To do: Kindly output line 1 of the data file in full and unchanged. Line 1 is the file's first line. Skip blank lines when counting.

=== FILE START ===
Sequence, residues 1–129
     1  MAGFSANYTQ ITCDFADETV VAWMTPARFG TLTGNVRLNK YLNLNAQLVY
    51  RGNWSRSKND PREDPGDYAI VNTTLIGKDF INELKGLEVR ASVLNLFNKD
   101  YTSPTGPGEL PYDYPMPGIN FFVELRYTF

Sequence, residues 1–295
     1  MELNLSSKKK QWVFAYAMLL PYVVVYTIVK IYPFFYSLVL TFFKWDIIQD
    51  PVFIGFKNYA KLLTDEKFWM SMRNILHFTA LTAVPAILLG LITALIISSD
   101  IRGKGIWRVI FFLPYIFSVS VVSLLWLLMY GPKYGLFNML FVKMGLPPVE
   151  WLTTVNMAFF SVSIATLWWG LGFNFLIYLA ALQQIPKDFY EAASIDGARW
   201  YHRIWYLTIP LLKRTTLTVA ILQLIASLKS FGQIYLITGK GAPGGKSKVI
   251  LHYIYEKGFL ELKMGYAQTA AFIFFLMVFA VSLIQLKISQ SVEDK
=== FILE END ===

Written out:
Sequence, residues 1–129